Data breach of a lawyers office that resulted in unauthorised access to client file results in a malpractice suit against the firm confirming that lawyers tend to be lousy when it comes to data security

May 2, 2018 |

Law firms are a key target of hackers.  That has been known for some time. Lawyers hold sensitive client information which has value to competitors and criminals.  They also hold personal information which can be used for identity theft.  Finally they control bank accounts that hold signfiicant sums, such as proceeds of sales and purchases, client money held in trust and payments made to the lawyers but not distributed.  Law firms are also key targets because they are generally inept at data security.

The consequences can be catastrophic as the closure of the Panamanian firm Mossack Fonseca on 15 March 2018 after the release of the Panama Papers. A leading offshore Bermuda based law firm, Appleby suffered a data breach in October last year. In April last year a Providence law firm was hit with a ransomware attack which resulted in lost billings of $700,000.  The American Bar Association noted that in 2015, approximately one quarter of all U.S. law firms with 100 or more lawyers had experienced a data breach through hacker or website attacks, break-ins, or lost or stolen computers or phones and 15 percent of all law firms overall, regardless of size, had reported an unauthorized intrusion into the firm’s computer files, up from 10 percent in 2012.  In a report last year LogicForce found that law firms were in the main woefully unprepared with:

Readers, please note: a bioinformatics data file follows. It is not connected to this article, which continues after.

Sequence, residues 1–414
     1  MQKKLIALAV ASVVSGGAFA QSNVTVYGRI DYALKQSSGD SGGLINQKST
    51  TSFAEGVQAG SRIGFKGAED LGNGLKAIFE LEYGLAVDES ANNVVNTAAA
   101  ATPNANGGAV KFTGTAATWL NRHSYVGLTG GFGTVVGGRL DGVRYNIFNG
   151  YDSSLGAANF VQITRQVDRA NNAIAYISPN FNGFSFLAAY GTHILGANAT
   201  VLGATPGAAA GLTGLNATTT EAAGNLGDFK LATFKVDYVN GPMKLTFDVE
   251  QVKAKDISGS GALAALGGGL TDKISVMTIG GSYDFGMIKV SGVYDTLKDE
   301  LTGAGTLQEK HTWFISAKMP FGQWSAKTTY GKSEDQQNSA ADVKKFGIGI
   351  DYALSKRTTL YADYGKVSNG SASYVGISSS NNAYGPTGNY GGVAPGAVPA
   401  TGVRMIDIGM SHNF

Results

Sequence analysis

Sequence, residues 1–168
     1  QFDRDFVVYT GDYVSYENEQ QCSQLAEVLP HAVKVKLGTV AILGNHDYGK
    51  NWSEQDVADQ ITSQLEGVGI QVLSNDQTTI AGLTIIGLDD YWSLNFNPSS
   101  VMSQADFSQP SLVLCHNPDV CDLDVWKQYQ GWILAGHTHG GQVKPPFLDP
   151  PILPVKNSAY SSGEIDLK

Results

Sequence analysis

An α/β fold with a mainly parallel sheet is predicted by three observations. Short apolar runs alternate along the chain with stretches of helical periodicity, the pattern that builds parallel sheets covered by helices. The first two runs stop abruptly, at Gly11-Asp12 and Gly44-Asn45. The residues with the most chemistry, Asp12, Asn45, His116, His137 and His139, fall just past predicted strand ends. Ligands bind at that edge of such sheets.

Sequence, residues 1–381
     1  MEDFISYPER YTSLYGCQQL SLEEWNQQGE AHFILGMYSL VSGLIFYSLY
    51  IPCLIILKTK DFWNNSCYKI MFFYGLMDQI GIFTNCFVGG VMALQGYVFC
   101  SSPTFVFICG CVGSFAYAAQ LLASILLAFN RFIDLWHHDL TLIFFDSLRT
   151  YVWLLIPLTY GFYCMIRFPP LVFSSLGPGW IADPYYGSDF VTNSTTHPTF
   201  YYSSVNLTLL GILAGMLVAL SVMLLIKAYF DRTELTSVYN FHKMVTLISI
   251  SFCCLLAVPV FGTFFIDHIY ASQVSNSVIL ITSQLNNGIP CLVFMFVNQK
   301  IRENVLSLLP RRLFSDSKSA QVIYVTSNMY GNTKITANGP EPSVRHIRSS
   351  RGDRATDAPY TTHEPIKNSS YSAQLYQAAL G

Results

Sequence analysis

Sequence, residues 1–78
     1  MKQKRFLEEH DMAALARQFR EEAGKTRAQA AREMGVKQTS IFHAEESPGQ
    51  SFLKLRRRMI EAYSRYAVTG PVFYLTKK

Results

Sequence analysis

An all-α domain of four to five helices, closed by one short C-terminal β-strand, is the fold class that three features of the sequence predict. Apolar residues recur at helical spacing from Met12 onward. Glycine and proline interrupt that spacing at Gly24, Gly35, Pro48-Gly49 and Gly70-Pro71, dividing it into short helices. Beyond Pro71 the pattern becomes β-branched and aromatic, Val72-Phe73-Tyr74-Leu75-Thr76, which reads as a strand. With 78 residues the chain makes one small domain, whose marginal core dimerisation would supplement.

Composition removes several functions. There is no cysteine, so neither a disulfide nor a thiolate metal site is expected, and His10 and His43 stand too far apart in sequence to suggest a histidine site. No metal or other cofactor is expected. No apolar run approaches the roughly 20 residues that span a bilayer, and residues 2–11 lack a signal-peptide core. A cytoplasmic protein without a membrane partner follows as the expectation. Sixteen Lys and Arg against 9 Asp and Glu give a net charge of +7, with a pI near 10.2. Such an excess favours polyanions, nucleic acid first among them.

• 2/3 of 200 responding law firms experiencing some form of cyber breach
  • 77 percent of responding firms did not have cyber insurance,
  • 95 percent of responding firms were noncompliant with their own cyber policies,
  • 100 percent were noncompliant with a client’s policies, and
  • 53 percent of responding firms do not have a data breach incident response plan

In New Jersey, United States a law firm, Wienburger Divorce and Family Law Firm Group is being sued for malpractice (negligence in Australia) for a data breach which revealed the firms client file and disrupted a divorce proceeding.

There is absolutely no reason to suppose Australian law firms are any better prepared.  It is probably worse given the privacy culture in Australia is so poor given the timid regulation for the last 30 years.

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